Einstein and von Neumann had both grown up in the grand German literary and pan-European cultural tradition that was rocked and then shattered by the two world wars. But more than the rebellious Einstein or the protean von Neumann, Weyl embodied that tradition, and his Philosophy of Mathematics and Natural Science reflects it in focus, style and erudition.

    The main body of text was written in German in 1926, as an article for R. Oldenburg’s Handbuch der Philosophie. In 1949, for the English translation, Weyl altered many details and added seven appendices, comprising almost a hundred pages. These centre on relevant scientific events in the intervening years — his passages on Gödel’s theorem, and on quantum mechanics and causality are especially brilliant. But the core of the book had its genesis in the vanished handbook tradition of magisterial reviews in natural philosophy.
    Unfortunately we are unable to provide accessible alternative text for this. If you require assistance to access this image, or to obtain a text description, please contact npg@nature.com


    Hermann Weyl touched on questions that are relevant today.

    In the introduction, Weyl declares the roots of his literary style: “I was bound by the German literary and philosophical tradition in which I grew up.” As an example of that style, let me quote a passage that I think ranks among the most beautiful and profound passages in all literature: “The objective world simply is, it does not happen. Only to the gaze of my consciousness, crawling along the lifeline of my body, does a section of this world come to life as a fleeting image in space which continuously changes in time.”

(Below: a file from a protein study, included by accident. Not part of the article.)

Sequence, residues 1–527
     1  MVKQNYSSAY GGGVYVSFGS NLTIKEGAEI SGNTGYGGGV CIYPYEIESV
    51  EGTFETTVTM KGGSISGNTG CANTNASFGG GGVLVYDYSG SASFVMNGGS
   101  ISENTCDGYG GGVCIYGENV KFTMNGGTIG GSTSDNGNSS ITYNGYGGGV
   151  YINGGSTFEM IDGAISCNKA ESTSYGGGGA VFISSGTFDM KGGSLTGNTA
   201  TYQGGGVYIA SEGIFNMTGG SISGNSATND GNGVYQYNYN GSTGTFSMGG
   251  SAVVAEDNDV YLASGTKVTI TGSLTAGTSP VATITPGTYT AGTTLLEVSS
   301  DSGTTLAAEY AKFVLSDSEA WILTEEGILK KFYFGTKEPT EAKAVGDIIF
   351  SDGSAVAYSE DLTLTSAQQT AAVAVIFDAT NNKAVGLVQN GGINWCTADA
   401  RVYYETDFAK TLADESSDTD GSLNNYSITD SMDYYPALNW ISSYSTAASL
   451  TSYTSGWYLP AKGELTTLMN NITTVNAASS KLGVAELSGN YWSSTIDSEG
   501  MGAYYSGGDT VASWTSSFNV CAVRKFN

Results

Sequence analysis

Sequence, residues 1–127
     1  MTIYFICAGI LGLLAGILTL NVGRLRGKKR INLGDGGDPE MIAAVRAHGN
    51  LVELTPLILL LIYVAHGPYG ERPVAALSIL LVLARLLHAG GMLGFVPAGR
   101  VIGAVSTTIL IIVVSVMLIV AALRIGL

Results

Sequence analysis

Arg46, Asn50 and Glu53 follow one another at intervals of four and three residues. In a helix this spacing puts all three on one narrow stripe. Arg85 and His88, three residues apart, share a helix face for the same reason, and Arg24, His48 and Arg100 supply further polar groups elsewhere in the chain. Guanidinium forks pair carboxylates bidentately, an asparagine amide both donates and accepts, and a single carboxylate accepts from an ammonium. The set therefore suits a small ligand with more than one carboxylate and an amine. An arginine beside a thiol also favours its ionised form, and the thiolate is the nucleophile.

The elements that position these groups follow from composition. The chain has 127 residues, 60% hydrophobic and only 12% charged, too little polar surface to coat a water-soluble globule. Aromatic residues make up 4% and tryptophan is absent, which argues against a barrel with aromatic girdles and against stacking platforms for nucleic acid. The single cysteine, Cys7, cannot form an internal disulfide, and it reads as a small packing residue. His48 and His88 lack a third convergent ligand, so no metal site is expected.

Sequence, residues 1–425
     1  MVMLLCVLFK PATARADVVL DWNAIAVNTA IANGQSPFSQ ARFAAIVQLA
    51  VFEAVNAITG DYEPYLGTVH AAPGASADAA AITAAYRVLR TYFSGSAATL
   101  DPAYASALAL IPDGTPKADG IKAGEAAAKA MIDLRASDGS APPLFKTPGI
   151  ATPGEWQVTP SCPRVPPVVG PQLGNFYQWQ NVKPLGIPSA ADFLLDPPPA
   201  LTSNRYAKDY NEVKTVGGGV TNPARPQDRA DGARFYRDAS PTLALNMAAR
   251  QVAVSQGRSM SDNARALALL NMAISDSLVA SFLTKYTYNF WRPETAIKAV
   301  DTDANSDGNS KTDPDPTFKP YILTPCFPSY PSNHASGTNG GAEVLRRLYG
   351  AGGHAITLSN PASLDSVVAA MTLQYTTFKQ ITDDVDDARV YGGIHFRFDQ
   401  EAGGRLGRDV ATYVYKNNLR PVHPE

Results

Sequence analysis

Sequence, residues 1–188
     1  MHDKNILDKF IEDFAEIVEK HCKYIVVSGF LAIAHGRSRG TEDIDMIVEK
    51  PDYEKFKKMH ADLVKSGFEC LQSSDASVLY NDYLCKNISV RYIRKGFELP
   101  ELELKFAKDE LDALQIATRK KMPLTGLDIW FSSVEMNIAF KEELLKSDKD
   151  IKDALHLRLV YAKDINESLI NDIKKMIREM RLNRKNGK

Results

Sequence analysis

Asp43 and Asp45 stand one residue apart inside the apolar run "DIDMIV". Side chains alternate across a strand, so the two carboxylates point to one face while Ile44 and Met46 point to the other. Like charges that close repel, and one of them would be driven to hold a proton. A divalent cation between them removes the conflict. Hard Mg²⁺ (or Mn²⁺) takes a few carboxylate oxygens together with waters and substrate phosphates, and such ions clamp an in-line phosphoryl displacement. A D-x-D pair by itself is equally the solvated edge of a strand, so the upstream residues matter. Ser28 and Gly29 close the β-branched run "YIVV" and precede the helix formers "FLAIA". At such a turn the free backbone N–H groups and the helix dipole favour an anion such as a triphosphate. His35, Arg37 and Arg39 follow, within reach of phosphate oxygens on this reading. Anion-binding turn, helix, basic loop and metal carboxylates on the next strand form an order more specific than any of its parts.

Weyl’s work is also remarkable for its erudition. René Descartes, Gottfried Leibniz, David Hume and Immanuel Kant enter into the discussion as familiar friends. From time to time important literary or philosophical passages are quoted in the original French, German, or even Greek. Weyl’s erudition is not vain display — he is far above that — but a touching assumption of shared culture. Of course the reader will feel at home in this milieu, he seems to assume.

    In his biographical memoir of Weyl, Atiyah also talked about Weyl’s work in mathematics, saying: “The last 50 years have seen a remarkable blossoming of just those areas that Weyl initiated. In retrospect, one might almost say that Weyl defined the agenda and provided the proper framework for what followed.” Weyl’s contributions in physics were more sporadic, but they were significant, and likewise remarkably prescient. In particular, Weyl proposed, and named, the concept of ‘gauge invariance’, which came to dominate fundamental physics during the second half of the twentieth century.

    Evidently, Weyl’s intuitions have an excellent track record. By now, parts of the Philosophy of Mathematics and Natural Science are dated, of course. Those parts retain interest as intellectual history, because Weyl’s understandings, being close to the best that was possible in their time, serve as benchmarks. But beyond that, Philosophy of Mathematics and Natural Science touches great questions that remain very much alive. Near the end of the book, after a penetrating critique of the concept of causality, Weyl turns to what he calls the body–soul problem — what we know today as the problem of consciousness.

    “It is an altogether too mechanical conception of causality that views the mutual effects of body and soul as being so paradoxical that one would rather resort, like Descartes, to the occasionalistic intervention of God or, like Leibniz, to a harmony instituted at the beginning of time.

    The real riddle, if I am not mistaken, lies in the double position of the ego: it is not merely an existing individual which carries out real psychic acts, but also ‘vision’, a self-penetrating light (sense-giving consciousness, knowledge, image, or however you may call it); as an individual capable of positing reality, its vision open to reason; ‘a force into which an eye has been put’, as Fichte says.”

    The fullest enlightenment comes only to those who, like Weyl, discern its absence, seek it, and recognize it when it arrives.


    Atiyah, M. in Biographical Memoirs Vol. 82 , 1–13 (Natl Acad., Washington DC, 2002).

    Weyl, H. Philosophy of Mathematics and Natural Science (Princeton Univ. Press, Princeton, 1949).